MAIN STREET VS. WALL STREET: For nearly two years after a global financial crisis shook the world, progressives in Congress have been hard at work overhauling the nation’s financial regulatory system to address the concerns of hard-working Americans. Progressives have fought hard to make the legislation as tough as possible, pushing for provisions that would rein in abusive practices by the credit card industry, stop financial institutions from “trading taxpayer money for their own profit,” audit the Federal Reserve, and break up big banks so that they could never again grow large enough to endanger the world economy. Meanwhile, conservatives like Senate Minority Leader Mitch McConnell (R-KY) have fought this financial reform legislation every step of the way, choosing to stand with the nation’s biggest banks over working families. After legislators tried to create a special fund that banks would pay into to bail themselves out, Senate Minority Leader Mitch McConnell (R-KY) slammed the idea, falsely claiming it “institutionalizes” bailouts of Wall Street. Just a week before his statement, McConnell traveled to New York City for a fundraising meeting with “25 Wall Street executives, many of them hedge fund managers,” to enlist “Wall Street’s help” in funding Republican campaigns in exchange for fighting financial reform legislation. While House Financial Services Committee Chairman Rep. Barney Frank (D-MA) banned one of his staff members from talking to an ex-staffer who became a lobbyist for Wall Street, conservatives laid out the red carpet for financial lobbyists. Last December, the House Republican leadership huddled with more than 100 financial industry lobbyists to craft their strategy for killing Wall Street reform.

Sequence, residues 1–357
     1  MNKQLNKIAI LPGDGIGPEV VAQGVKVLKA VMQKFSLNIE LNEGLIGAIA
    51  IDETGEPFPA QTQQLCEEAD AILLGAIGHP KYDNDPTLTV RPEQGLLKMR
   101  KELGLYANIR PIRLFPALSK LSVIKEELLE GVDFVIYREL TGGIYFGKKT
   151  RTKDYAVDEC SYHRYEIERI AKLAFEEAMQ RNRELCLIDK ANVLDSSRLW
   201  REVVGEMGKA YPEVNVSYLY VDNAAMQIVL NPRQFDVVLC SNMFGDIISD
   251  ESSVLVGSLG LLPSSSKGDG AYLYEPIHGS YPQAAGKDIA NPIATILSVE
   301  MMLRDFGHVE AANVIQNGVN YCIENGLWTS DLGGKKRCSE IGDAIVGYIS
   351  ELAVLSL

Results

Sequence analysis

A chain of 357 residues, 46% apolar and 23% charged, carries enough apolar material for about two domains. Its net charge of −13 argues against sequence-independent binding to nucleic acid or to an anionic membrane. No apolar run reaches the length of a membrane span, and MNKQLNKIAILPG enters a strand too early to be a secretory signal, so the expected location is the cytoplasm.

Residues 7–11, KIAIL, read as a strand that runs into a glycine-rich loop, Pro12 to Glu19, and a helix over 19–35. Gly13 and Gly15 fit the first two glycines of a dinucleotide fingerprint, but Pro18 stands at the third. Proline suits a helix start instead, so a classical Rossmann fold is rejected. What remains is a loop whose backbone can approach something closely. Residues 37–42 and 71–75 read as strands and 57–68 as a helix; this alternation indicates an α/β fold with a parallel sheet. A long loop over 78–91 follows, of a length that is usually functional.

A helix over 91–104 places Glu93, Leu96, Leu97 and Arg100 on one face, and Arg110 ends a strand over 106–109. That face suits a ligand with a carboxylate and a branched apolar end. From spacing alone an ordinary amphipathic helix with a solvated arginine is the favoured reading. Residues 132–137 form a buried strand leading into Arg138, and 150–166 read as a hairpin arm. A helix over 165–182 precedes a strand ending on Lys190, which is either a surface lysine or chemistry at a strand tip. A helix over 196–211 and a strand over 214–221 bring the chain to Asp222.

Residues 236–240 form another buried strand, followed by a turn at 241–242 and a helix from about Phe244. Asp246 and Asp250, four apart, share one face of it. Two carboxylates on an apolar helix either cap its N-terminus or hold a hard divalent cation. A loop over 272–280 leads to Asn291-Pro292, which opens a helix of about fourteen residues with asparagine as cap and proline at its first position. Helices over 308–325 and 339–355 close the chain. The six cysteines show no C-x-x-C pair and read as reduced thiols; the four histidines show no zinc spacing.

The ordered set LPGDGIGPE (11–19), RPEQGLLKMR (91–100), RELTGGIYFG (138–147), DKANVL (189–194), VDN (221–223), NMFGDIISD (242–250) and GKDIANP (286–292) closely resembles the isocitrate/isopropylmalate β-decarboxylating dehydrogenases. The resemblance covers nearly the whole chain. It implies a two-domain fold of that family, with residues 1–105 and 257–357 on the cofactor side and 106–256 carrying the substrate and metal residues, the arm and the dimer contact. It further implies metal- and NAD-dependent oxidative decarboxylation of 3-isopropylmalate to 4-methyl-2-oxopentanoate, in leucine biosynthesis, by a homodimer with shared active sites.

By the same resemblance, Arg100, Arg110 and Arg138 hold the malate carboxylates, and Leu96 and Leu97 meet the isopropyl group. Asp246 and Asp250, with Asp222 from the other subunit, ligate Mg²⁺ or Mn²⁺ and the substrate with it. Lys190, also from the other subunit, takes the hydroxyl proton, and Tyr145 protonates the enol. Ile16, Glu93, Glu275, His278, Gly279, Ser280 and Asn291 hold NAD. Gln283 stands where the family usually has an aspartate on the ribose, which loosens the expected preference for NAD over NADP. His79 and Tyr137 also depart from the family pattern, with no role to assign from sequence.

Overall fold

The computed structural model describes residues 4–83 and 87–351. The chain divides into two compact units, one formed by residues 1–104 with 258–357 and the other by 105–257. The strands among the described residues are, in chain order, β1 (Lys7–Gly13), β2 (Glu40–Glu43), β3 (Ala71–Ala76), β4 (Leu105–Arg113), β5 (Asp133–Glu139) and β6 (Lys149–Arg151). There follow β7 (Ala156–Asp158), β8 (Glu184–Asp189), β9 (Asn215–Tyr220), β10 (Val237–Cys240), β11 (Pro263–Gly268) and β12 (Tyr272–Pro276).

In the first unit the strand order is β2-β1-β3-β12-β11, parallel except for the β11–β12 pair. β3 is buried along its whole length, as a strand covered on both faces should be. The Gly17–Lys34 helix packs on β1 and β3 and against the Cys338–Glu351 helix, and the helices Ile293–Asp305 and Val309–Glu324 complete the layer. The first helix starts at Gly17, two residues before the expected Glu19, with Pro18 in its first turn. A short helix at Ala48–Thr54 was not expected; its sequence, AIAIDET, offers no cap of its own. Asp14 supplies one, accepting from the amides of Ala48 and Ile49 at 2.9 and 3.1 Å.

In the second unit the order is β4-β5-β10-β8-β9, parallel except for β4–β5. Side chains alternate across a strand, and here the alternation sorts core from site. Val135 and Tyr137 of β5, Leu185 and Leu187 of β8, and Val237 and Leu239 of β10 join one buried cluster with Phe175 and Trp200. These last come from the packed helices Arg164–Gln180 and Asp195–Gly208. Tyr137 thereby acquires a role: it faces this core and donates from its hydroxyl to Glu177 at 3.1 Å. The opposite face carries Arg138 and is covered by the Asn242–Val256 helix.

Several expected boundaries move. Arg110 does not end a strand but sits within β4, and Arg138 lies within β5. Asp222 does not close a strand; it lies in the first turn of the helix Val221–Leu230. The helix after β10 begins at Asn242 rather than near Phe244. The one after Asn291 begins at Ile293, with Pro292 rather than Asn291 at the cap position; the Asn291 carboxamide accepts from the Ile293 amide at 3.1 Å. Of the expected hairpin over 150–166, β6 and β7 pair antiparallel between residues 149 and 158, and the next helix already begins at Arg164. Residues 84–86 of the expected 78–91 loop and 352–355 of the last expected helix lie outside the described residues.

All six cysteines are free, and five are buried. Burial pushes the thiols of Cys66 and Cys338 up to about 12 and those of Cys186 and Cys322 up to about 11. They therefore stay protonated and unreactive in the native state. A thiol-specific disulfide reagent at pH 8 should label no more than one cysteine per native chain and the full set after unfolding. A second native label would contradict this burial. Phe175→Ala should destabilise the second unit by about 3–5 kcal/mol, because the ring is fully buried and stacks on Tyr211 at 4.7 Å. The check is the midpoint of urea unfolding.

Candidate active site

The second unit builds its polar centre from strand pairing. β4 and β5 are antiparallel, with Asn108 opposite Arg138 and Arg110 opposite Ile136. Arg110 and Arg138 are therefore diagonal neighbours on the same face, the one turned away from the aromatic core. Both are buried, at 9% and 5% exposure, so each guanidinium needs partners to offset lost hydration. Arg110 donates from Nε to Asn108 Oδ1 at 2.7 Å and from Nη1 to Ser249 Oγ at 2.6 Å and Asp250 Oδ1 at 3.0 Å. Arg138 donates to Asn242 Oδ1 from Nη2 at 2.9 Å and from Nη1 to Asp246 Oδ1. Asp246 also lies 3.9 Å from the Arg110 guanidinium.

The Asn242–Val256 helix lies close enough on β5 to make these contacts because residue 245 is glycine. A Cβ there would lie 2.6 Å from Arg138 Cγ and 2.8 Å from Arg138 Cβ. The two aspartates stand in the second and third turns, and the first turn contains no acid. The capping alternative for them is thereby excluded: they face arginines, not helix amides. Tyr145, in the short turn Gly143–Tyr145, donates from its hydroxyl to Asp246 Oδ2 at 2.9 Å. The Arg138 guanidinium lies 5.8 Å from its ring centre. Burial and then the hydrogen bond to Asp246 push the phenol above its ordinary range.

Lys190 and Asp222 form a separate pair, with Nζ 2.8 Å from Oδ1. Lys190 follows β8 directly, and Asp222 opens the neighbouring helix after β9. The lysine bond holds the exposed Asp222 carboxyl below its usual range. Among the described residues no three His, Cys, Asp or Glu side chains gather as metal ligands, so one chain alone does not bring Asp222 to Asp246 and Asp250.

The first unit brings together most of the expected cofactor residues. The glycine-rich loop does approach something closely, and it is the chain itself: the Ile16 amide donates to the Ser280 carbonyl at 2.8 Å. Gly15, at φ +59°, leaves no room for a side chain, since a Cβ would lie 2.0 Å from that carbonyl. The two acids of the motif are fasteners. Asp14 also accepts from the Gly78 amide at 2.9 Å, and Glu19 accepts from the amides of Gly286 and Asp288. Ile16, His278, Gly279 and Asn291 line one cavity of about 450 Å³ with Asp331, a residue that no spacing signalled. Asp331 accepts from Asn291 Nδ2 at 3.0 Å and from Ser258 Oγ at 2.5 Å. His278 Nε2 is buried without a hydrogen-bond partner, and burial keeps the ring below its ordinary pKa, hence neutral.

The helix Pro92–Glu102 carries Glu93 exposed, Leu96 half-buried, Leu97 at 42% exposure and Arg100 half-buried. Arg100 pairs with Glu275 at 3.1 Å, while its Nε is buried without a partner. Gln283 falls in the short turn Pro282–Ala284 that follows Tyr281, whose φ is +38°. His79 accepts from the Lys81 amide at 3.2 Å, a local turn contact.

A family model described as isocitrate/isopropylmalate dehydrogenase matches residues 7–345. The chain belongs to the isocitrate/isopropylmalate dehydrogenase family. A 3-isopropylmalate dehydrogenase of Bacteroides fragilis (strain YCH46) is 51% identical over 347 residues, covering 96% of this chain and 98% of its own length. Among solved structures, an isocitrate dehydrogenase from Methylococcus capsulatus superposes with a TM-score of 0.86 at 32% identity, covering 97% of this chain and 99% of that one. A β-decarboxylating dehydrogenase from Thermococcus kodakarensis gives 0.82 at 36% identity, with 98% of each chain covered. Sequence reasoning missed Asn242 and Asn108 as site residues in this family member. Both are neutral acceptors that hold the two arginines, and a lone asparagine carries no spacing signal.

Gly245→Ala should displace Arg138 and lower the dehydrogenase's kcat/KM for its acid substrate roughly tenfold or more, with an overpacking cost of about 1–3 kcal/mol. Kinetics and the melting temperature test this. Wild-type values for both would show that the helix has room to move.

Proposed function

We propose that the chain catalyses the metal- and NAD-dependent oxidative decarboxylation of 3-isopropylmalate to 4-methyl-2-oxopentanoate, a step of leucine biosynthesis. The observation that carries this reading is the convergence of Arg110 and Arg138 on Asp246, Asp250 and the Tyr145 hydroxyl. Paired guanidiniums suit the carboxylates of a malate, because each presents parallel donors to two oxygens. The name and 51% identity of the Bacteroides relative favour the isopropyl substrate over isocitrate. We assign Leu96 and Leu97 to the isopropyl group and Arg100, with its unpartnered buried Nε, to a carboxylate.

DEFENDING THE AMERICAN DREAM: After decades of center-right control of government that recklessly deregulated Wall Street, stagnated middle class wages, decimated job growth, and left tens of millions of Americans without health care, progressives have put themselves to work rebuking the conservative vision of America by rebuilding the American Dream. Last night, conservatives in the Senate prevented the passage of a bill that would provide states “critical aid that would keep firefighters, police officers and teachers employed.” During the Bush administration, conservatives continually stifled efforts to prevent wage discrimination against women. President Obama signed the Lilly Ledbetter Fair Pay Act during his first month in office, expanding and ensuring women’s right to equal pay for equal work. While Bush’s Labor Secretary Elaine Chao spent eight years “walking away from [the department’s] regulatory function across a range of issues, including wage and hour law and workplace safety,” Obama’s Labor Secretary Hilda Solis has lobbyists for big business squirming due to her “aggressive moves to boost enforcement and crack down on businesses that violate workplace safety rules.” While progressives fought vigorously to expand health coverage to 32 million people, conservatives took the insurance industry’s side. Shortly after the Affordable Care Act legislation passed without a single Republican vote, the GOP immediately began talking about repealing it. Speaking at the America’s Future Now! conference last week, Rep. Alan Grayson (D-FL) summed up the contrast between progressive and conservative ideology this way: “When we see somebody who’s unemployed, we want them to have a job; when we someone who is homeless, we want that person to get a home; when you look at it deep down, we’re following a 3,000 year old imperative, one that every just society has known for three millenia, and that’s very simple: it’s to feed the hungry, to shelter the homeless, and to heal the sick. That’s what we believe in. Now the other side really has an entirely different point of view. The other side wants to have you solve all your own problems even if they’re beyond your ability to solve them. They want us to be like atoms bouncing off each other in the void rather than like human beings.”

Posted via web from Street_Visuals